Confusion reigns in Papua New Guinea politics after Prime Minister Peter O'Neill announced that he would be stepping down.
Pressure has been building on Mr O'Neill to resign for more than a month amid defections from his coalition government by key allies and members of the ruling party.
However, his announcement that he would step down in coming days and hand over to his coalition partner and former prime minister, Sir Julius Chan, has put a cat amongst the pigeons.
Leading figures in the opposition, which had been planning a vote of no confidence against Mr O'Neill, said they wouldn't believe it until he officially tenders his resignation to the Governor-General.
Furthermore, as former Chief Justice Sir Arnold Amet said, the prime minister cannot simply pass the role on to someone else.
"When he tenders his resignation he remains prime minister until the parliament elects a new prime minister who will then be sworn in," Sir Arnold said.
"So again to be clear, the prime minister does not have the power himself to purport to appoint an acting prime minister."
According to Sir Arnold, after tendering his resignation, Mr O'Neill would be acting prime minister until the process to elect a new prime minister gets underway in parliament.
Sir Julius, who was effusive in his praise of Mr O'Neill's announcement yesterday, today said there had been a huge misunderstanding concerning yesterday's news conference.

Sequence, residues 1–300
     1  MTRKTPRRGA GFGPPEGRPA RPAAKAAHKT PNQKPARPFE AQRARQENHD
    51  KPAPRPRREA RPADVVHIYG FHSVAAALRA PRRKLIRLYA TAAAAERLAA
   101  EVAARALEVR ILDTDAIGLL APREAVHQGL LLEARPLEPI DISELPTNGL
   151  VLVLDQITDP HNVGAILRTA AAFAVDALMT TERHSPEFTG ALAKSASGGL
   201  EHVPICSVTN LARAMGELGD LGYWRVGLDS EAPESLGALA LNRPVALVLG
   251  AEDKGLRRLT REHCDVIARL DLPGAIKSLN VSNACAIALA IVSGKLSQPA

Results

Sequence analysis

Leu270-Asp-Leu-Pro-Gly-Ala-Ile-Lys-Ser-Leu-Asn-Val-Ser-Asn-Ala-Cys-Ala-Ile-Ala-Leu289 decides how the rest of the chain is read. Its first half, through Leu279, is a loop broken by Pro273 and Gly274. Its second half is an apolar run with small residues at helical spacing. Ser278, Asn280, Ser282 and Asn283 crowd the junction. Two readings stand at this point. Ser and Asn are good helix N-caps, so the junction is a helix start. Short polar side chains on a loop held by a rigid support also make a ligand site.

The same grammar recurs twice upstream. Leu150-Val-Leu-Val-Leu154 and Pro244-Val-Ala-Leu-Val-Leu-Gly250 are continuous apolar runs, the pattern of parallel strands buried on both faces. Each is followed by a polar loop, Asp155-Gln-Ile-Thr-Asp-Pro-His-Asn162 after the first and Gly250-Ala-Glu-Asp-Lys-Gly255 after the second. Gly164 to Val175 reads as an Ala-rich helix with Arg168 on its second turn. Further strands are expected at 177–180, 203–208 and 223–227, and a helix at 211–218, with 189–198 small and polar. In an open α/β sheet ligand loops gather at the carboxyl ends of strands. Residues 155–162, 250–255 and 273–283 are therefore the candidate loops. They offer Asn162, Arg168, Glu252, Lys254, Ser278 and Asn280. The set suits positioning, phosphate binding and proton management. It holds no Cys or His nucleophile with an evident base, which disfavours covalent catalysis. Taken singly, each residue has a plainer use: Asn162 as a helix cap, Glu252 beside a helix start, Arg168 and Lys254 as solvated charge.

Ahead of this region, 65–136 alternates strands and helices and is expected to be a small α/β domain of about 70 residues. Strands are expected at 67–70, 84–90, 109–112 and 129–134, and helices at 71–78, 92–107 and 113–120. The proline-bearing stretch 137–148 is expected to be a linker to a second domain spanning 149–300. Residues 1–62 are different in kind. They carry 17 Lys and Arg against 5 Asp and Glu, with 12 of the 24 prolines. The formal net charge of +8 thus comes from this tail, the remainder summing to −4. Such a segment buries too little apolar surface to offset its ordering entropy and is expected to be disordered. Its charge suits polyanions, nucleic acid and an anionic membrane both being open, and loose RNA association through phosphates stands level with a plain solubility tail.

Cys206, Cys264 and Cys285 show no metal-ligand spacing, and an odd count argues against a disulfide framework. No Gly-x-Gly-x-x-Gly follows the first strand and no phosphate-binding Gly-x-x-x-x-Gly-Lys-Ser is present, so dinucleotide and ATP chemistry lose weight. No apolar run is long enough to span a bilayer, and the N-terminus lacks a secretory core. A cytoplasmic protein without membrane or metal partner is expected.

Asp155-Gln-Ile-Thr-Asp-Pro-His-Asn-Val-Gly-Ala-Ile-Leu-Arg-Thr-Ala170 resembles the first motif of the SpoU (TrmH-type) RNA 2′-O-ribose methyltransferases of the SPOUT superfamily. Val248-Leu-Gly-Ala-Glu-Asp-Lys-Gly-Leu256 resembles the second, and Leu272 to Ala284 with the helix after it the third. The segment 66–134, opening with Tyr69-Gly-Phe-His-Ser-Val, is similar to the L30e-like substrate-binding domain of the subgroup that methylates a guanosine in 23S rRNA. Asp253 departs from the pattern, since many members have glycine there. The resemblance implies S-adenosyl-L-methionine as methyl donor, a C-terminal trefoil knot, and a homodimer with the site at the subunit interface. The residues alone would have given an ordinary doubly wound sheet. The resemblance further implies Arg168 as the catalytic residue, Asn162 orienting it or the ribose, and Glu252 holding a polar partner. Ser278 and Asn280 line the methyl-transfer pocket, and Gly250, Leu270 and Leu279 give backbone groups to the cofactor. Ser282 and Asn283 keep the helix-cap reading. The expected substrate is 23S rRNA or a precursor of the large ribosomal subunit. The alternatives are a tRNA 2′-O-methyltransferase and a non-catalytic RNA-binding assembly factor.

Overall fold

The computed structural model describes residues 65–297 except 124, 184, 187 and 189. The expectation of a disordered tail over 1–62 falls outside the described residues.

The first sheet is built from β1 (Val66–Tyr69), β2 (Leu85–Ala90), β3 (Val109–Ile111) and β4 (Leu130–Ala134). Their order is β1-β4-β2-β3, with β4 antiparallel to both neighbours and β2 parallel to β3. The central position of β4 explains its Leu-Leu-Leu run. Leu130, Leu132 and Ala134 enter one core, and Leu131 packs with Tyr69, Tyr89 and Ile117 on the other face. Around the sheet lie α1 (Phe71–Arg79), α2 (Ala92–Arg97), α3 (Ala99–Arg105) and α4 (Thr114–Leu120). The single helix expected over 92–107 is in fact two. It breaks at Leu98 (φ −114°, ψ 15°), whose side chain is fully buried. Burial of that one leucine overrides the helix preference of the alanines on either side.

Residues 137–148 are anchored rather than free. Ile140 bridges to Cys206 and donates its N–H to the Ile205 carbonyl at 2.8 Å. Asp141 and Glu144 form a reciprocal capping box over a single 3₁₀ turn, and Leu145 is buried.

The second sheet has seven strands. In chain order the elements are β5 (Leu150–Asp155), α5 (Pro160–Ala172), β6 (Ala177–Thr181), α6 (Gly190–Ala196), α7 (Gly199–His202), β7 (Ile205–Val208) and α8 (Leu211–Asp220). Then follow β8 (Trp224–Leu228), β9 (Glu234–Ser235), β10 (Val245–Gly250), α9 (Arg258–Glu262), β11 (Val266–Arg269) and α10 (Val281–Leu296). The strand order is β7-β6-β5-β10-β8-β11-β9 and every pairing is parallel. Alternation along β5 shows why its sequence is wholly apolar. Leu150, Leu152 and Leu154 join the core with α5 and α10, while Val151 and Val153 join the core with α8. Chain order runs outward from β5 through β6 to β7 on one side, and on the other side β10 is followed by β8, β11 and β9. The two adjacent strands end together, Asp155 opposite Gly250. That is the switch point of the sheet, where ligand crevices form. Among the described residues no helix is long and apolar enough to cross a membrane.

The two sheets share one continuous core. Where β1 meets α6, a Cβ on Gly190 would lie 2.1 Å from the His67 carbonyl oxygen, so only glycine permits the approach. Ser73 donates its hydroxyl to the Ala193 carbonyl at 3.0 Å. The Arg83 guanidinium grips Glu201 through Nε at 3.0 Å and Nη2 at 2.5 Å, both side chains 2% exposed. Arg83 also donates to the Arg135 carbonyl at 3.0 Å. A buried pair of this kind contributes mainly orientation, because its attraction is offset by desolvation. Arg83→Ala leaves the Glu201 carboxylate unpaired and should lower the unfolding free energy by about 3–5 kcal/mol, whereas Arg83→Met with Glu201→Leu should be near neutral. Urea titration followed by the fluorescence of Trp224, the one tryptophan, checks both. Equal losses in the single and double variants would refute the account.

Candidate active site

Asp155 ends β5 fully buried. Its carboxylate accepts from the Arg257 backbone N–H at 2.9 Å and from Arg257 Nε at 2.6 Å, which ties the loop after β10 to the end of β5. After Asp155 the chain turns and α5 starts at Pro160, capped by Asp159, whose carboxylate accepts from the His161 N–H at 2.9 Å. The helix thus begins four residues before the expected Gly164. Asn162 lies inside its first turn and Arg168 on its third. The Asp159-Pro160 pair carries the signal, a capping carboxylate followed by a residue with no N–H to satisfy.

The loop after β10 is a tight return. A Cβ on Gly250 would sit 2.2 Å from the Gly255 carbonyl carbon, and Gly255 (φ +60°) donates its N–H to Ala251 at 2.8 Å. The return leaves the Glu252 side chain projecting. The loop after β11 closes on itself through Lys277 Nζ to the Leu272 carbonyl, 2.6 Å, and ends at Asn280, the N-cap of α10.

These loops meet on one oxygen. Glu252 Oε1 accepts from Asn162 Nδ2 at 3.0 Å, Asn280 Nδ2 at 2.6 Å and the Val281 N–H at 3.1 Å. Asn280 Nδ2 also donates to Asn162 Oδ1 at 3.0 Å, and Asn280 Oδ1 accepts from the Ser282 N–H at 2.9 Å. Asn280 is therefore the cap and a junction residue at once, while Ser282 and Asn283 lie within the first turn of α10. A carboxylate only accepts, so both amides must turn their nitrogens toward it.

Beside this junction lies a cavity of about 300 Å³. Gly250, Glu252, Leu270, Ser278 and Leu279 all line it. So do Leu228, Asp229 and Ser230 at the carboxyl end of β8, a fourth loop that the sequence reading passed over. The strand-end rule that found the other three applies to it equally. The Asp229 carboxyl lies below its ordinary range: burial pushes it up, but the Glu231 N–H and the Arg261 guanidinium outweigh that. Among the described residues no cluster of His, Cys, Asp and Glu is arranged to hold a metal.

He conceded that Mr O'Neill didn't have the power to appoint him as prime minister.
"Peter O'Neill simply designated me the provisional caretaker of the government coalition," Sir Julius said in a statement.
"He simply asked me to help by maintaining order among the members of the coalition and helping the coalition to work with all parliamentary members to make a wise and uniting decision concerning who should become the next Prime Minister."
O'Neill goes to the courts
A day after announcing he would step down, Mr O'Neill revealed he was initiating legal action over a motion of no confidence lodged recently by the opposition.
A move which may delay his resignation, he is seeking a Supreme Court interpretation on rules around confidence votes, claiming there is confusion around the constitutional process that led to the withdrawal of the opposition's motion last week.
In his application to the court, Mr O'Neill said that a no confidence motion was a serious constitutional process and that its withdrawal was unprecedented and disrespectful.
Mr O'Neill said his application was necessary to "prevent any legal motions that are an abuse of integrity laws and the Constitution".
A week ago the opposition withdrew the motion and had committed to lodge a new one, however the prime minister yesterday announced his intention to step down.
A spokesman for the prime minister said Mr O'Neill would visit the governor general ( to formally tender his resignation) after the rules on votes of no confidence are clarified.
Under PNG's constitution, there is a provision for the deputy prime minister to take up the vacancy when a prime minister steps aside. But in this case of yesterday's announcement, Mr O'Neill seemingly overlooked his deputy, Charles Abel, and created confusion over who will be in charge from this point.
The Gazelle MP Jelta Wong, who left the government coalition on Friday along with other members of the United Resources Party, said Mr O'Neill's announcement opened the way for chaos.